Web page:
When speaking in terms of reverb, how long do early reflections take to occur/become audible after the direct sound?
in addition to the other answers, this also depends on the decay time of the original sound. A long decay time means the direct sound can be louder than the early reflections.
E.g. a single clap will generate audible reflections sooner than a piano tone with the Sustain pedal pressed. Although this depends on the exact decay characteristics of the instrument. In the graph in the question, a slope is drawn for the decay rate of the room. You can draw a similar slope for the decay rate of the instrument. If this is steeper than the room decay rate, you could hear the reflections over the original sound.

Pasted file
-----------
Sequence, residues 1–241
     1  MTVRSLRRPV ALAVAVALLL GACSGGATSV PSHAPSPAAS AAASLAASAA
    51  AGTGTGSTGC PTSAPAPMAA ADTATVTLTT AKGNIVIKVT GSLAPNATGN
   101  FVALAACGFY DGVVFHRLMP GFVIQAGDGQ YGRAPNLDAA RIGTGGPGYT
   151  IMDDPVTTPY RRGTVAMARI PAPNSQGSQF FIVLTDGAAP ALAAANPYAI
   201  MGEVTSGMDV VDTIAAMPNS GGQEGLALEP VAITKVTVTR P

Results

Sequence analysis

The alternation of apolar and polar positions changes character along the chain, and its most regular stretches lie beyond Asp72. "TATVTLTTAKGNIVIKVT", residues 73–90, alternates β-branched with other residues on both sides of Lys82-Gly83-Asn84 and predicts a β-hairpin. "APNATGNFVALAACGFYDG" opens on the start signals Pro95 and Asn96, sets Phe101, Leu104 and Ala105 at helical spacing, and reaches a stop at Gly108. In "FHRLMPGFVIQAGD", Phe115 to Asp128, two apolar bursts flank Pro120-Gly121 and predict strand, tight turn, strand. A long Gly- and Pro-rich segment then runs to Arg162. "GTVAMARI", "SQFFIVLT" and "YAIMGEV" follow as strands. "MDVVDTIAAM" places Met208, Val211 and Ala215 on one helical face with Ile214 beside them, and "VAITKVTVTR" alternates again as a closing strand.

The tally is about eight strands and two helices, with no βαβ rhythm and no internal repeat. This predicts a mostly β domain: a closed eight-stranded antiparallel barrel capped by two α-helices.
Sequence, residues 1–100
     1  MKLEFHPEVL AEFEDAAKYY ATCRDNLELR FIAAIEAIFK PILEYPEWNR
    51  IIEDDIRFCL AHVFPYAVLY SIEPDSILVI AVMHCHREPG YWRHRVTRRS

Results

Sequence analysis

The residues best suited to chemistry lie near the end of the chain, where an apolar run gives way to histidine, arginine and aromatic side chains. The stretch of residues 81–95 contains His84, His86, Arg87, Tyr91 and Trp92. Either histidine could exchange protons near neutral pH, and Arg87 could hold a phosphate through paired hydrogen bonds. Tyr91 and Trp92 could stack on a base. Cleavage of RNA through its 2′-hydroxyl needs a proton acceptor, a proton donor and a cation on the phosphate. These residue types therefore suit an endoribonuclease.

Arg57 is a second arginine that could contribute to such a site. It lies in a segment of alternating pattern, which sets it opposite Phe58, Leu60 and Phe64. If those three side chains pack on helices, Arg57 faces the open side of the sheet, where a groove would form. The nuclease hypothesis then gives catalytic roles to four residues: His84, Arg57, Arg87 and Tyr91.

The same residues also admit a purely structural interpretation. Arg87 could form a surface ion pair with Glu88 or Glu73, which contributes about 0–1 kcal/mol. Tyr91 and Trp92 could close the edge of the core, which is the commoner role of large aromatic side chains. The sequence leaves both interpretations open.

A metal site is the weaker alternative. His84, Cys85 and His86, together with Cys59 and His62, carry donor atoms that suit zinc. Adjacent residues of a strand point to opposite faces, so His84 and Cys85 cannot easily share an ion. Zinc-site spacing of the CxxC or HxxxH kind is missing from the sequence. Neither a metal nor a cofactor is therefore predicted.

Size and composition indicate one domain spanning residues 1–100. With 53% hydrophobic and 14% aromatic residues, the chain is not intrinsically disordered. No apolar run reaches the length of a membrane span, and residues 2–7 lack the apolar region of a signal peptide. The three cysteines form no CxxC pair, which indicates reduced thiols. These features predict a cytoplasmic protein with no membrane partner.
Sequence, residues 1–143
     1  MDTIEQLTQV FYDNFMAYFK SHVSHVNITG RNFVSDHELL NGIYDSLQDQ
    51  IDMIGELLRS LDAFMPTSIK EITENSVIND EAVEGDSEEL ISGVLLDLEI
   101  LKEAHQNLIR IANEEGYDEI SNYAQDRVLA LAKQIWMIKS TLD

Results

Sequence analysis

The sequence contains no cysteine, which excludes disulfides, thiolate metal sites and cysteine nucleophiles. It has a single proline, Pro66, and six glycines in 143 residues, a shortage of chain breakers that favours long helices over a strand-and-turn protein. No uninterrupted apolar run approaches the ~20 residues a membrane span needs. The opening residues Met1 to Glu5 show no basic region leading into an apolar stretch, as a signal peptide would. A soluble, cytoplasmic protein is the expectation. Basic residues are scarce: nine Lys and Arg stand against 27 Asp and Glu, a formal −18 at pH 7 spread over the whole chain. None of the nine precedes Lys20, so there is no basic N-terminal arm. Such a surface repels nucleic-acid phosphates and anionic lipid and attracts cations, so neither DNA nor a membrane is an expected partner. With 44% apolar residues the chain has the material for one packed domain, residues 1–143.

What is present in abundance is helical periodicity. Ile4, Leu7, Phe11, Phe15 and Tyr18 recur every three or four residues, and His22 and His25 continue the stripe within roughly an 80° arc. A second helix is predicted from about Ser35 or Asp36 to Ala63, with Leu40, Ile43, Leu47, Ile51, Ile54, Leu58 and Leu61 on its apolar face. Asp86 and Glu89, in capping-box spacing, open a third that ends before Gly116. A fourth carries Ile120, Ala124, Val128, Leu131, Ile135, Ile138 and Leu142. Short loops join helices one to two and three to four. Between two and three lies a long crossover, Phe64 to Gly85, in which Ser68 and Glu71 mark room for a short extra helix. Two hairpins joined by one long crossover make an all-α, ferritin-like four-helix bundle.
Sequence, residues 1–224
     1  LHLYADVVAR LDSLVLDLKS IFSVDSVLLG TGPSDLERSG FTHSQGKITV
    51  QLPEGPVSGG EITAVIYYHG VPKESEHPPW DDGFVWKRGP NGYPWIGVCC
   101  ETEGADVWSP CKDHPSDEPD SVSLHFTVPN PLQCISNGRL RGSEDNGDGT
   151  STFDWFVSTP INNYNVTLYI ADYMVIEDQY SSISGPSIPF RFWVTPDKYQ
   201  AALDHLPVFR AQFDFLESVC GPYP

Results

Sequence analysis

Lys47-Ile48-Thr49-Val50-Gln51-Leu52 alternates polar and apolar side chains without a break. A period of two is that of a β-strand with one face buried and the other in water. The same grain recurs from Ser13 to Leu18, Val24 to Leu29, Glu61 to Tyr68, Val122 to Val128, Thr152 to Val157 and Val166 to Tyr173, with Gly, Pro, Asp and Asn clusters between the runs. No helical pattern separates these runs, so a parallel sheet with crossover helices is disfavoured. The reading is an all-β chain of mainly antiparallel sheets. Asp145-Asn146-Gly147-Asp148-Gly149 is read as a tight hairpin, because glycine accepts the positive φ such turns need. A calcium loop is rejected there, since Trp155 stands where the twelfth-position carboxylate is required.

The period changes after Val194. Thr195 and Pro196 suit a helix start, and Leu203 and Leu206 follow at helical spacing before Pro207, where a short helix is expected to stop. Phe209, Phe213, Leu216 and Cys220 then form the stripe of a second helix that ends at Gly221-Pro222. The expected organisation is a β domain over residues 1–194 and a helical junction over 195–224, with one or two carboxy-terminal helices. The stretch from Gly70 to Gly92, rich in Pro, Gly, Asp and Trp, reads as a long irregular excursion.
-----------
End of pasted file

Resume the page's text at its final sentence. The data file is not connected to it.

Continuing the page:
Also, do early reflections dictate if a space is long/short or does it also dictate if a room is high/short and/or wide/narrow?
The reflection time says something about all 3 dimensions of the room, but can't distinguish between them. Although the first reflection will generally be straight off the back wall. Later reflections will have bounced off 2 or more walls.
and lastly, why are early reflections more spaced out than late reflections? As shown in the image below.
The direct sound travels more or less as a sphere from its point of origin. When the sphere intersects a wall, it'll create a whole series of reflections all along the wall, smearing out the signal.
For the late reflections, the sound has had time to bounce around multiple times, getting more smeared out each time.